The Zika virus is a mosquito-borne virus in the same family as malaria, yellow fever, dengue virus, West Nile virus and Chikungunya virus, which are also carried by mosquitoes. Unfortunately, the mosquito that carries the Zika virus is found in the United States. Until recently, Zika was unheard of by most people in the U.S., but there has been a spike in reported cases recently. It’s known that this is a dangerous virus for unborn children, but is it also harmful to dogs and cats? So far, researchers do not have a definitive answer.
The first confirmed case of Zika virus was found in Uganda in 1947 in a Rhesus monkey living in the Zika (overgrown) Forest. A year later, it was discovered in mosquitoes. The first human to contract the disease was in 1952 in Nigeria. There’s been little research done on the virus from the beginning because it wasn’t considered to be a serious threat to human health until there was an outbreak in French Polynesia in 2013. Another outbreak in 2015, this time in Brazil, infected around 1.5 million people and was the largest one to date.
It was during this outbreak that scientists began to connect the dots between the Zika virus and heartbreaking birth defects in human newborns. The symptoms of Zika are short-lived and generally mild – rash, fever, headache, joint pain, sensitivity to light and conjunctivitis. There currently is no treatment for humans. Most people who contract Zika aren’t even aware they have it and never become sick. However, unborn children are at risk and the World Health Organization (WHO) warns that the virus has the potential of reaching and spreading throughout all of the Americas.
Zika can cause a birth defect called microcephaly, which is an abnormally small head and under-developed brain. Travel alerts have been issued for people visiting countries or territories where Zika has been reported. The fear is that people who return to or visit the U.S. infected with the virus could in turn infect local populations of mosquitoes. The greatest risk is for a pregnant woman and her unborn child.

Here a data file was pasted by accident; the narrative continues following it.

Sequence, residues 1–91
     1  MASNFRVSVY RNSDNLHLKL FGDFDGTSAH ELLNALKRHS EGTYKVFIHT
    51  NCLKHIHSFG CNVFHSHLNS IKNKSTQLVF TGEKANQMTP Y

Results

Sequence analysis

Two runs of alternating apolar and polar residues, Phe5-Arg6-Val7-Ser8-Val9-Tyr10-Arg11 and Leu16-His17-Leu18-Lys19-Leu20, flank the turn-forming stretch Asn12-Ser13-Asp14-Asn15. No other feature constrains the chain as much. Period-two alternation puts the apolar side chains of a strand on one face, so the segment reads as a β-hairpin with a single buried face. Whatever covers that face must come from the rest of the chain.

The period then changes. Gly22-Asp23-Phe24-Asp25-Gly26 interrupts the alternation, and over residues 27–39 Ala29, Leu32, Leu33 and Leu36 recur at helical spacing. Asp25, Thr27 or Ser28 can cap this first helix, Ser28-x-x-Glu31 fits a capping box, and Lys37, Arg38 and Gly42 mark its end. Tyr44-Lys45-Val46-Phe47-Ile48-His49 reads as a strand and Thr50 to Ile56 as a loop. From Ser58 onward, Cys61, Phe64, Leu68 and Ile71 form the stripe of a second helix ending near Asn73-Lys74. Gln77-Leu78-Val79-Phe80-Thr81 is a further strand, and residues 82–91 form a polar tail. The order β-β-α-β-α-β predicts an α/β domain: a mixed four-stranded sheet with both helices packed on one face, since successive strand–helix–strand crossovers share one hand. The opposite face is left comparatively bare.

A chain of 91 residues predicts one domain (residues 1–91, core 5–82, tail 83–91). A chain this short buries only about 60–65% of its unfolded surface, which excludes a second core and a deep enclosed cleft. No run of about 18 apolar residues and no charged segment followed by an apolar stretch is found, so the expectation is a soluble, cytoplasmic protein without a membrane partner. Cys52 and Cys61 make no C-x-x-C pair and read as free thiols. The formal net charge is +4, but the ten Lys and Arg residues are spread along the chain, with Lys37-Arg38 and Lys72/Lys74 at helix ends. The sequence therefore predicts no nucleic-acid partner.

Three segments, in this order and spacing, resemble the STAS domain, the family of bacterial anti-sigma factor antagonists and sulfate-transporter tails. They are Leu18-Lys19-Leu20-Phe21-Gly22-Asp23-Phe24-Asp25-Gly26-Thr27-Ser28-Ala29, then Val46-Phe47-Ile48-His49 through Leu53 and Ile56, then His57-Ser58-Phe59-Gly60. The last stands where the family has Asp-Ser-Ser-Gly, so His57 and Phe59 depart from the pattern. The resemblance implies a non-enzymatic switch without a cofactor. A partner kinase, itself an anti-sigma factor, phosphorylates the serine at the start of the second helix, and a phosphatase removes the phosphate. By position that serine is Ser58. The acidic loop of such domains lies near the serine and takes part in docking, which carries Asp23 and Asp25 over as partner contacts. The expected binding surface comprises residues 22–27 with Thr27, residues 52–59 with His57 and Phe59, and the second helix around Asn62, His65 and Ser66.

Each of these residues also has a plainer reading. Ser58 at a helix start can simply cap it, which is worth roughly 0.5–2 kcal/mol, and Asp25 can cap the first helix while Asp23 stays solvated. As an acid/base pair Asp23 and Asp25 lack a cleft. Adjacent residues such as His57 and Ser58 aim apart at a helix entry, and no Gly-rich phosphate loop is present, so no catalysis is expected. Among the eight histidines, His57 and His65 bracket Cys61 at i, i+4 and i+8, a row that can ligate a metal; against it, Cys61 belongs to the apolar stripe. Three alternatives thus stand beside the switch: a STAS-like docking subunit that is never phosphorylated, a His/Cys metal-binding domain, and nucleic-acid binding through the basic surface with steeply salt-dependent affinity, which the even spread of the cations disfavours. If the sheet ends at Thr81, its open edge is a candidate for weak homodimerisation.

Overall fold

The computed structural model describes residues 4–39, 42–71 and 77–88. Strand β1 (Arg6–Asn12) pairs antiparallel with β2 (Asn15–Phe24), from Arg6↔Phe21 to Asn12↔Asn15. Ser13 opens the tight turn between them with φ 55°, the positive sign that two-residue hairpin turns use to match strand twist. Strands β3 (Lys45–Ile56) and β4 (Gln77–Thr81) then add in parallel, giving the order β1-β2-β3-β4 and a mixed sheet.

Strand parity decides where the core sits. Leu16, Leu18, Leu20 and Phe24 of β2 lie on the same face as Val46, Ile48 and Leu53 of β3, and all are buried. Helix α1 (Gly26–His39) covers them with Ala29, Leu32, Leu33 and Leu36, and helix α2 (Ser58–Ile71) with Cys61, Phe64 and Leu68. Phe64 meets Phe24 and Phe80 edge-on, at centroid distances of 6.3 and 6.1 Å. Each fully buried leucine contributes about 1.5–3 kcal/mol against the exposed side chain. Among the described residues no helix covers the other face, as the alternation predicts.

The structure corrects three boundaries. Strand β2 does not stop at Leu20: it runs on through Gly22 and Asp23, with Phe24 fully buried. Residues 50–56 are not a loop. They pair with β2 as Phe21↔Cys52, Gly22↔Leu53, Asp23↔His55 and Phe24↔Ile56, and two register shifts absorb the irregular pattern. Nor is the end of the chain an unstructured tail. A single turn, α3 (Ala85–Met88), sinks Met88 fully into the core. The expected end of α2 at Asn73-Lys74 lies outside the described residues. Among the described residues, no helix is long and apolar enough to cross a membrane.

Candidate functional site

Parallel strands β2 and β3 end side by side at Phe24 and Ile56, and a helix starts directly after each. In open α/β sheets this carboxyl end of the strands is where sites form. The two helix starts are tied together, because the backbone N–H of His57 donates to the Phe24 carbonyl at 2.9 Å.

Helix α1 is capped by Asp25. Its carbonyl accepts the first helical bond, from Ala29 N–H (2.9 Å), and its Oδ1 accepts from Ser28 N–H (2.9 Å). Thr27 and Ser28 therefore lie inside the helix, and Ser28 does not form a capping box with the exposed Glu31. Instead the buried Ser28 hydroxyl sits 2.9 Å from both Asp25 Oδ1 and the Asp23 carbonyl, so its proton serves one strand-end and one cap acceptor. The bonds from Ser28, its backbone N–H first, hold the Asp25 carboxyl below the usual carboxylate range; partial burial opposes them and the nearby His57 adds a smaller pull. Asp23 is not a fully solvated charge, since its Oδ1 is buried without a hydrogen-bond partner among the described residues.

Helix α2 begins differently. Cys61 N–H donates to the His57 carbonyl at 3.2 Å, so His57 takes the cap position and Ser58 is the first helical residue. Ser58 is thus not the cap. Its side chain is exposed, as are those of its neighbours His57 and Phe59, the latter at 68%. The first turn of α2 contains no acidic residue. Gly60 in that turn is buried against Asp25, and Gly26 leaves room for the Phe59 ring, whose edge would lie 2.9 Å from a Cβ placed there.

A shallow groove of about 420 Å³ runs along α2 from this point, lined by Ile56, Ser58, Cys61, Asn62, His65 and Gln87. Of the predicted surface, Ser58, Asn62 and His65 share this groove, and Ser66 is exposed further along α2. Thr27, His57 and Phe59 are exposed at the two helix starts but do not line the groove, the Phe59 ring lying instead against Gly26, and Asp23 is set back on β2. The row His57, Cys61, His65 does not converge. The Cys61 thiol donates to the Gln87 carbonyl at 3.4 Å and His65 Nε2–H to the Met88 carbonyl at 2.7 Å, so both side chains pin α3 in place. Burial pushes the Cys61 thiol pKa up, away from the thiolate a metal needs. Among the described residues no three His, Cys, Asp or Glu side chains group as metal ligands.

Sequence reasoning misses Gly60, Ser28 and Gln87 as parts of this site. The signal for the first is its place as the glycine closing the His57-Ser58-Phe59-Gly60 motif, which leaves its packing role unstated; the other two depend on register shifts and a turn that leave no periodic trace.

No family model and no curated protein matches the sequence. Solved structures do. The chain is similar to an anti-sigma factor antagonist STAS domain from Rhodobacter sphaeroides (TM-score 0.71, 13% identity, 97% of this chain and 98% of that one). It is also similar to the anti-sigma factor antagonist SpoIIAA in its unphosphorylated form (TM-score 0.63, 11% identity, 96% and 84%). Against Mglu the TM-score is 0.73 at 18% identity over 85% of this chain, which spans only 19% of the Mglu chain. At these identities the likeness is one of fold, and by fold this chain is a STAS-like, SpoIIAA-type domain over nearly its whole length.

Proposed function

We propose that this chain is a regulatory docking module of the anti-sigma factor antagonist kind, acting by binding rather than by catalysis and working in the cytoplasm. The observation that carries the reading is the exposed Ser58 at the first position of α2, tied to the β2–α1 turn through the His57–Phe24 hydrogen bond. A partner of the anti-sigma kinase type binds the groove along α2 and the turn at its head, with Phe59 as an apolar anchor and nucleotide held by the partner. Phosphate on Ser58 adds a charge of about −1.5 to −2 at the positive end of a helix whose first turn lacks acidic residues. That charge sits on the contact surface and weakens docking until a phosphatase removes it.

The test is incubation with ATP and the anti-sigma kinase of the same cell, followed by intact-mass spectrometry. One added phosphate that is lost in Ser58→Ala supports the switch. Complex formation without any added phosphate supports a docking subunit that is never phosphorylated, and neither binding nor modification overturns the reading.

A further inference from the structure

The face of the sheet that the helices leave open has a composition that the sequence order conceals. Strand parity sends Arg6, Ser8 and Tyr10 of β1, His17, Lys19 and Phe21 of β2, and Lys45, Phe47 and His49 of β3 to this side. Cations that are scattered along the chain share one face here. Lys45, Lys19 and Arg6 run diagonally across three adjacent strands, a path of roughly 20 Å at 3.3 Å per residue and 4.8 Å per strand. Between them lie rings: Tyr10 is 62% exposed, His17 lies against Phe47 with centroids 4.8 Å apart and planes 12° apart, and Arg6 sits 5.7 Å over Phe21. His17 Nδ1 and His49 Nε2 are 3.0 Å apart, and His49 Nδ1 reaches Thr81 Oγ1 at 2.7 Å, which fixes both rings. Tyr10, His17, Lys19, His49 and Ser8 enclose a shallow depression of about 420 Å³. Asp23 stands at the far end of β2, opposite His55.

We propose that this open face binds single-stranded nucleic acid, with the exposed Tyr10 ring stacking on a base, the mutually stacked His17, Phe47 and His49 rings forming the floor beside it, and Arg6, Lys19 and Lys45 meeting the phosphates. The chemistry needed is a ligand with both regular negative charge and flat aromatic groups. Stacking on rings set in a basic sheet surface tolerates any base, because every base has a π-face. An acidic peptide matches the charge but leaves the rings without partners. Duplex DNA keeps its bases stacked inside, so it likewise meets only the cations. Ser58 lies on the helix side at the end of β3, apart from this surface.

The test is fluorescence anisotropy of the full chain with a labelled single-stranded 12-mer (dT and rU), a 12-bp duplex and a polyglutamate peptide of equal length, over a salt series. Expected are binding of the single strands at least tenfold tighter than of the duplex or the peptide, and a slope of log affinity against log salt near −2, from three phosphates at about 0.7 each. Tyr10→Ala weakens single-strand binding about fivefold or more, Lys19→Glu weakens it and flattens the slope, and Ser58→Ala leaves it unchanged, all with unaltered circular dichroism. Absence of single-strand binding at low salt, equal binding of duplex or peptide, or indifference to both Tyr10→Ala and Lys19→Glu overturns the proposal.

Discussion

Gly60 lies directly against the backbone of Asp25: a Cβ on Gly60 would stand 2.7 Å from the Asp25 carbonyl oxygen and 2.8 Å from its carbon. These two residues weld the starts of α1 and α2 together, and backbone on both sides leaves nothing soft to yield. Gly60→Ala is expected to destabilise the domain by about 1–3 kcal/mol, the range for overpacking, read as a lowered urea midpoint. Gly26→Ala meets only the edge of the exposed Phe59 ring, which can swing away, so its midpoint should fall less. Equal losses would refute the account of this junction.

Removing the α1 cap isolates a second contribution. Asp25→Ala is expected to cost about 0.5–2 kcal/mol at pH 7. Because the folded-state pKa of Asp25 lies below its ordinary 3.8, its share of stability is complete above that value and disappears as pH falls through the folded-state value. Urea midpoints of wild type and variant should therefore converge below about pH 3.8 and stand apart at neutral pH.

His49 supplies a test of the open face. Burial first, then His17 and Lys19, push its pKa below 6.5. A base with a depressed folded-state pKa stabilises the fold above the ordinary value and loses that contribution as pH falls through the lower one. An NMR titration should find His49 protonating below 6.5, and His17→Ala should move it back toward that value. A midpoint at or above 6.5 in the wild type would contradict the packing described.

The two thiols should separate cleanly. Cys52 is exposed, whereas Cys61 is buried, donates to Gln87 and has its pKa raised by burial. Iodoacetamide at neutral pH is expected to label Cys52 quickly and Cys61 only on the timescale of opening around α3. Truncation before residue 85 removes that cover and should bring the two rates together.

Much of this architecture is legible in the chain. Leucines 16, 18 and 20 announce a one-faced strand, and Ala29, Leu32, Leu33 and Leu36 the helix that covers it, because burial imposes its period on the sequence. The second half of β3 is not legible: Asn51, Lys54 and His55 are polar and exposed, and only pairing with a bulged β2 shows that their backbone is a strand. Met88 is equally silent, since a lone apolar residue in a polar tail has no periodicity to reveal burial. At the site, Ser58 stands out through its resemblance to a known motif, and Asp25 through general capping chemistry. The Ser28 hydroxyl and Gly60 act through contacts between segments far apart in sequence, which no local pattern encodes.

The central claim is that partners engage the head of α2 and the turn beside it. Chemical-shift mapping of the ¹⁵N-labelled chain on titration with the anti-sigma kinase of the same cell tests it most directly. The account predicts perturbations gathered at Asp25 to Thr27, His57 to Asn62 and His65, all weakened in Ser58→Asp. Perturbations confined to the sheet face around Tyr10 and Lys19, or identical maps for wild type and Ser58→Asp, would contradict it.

The three known species of mosquitoes that spread the virus are the Aedes africanus, Aedes aegypti and Aedes albopictus. The Aedes aegypti prefers to dine on humans, but the other ones aren’t as picky about where they get a meal from. A CDC researcher reported around 20% of bites from the Aedes aegypti in some rural communities in Puerto Rico were on dogs. The Aedes aegypti species is a daytime biter and can find you and your pets inside or out. This mosquito has a dark brown to black abdomen with white spots on its body and legs.
Research and experiments done on mice following the 1947 discovery of Zika – which was originally named ZIKV – found that mice could be infected with the virus. Scientists know that Zika can also infect humans and monkeys, but very little is known about how or if Zika poses a risk to our pets. So far, there have been no scientific studies on the effect of the virus on dogs and cats.
According to Chris Baker, a researcher who studies mosquito-transmitted diseases, there is a potential for pets to become infected. However, without more research it’s unclear if the virus would impact their health in the same way it does in humans, or if an infected dog or cat could transmit the disease to humans via a mosquito bite. The focus has been on controlling outbreaks and developing a vaccine (still a few years away) for humans and not on whether or not our pets are at risk.
The spread of the Zika virus is expected to continue throughout the Americas, and it’s recommended to take preventive measures to control mosquitoes in and around your home. That seems to be the best option we have, at least for the time being. The mosquitoes that carry the virus feed during daylight hours, so it’s important to do whatever you can to protect yourself and your pets from mosquito bites. Make sure to remove standing water around your home and yard. Mosquitoes are attracted to moist areas and lay eggs around and in standing water. Mosquitoes only need an inch of water to breed in, and rarely travel more than 1,000 feet away from where their breed. Rake up leaves, and keep grass and shrubbery around your home trimmed.
Currently, there are more questions than answers when it comes to the Zika virus and its impact on the health of our dogs and cats. When talking about becoming infected, that means an exposure to the virus that replicates in the body. There’s no evidence this occurs in dogs and cats, but it is a possibility. Can the virus make a dog or cat sick? Again, there’s no evidence to support this, so “maybe” is the best answer so far. Researchers have no clear answers for pet owners at this time.
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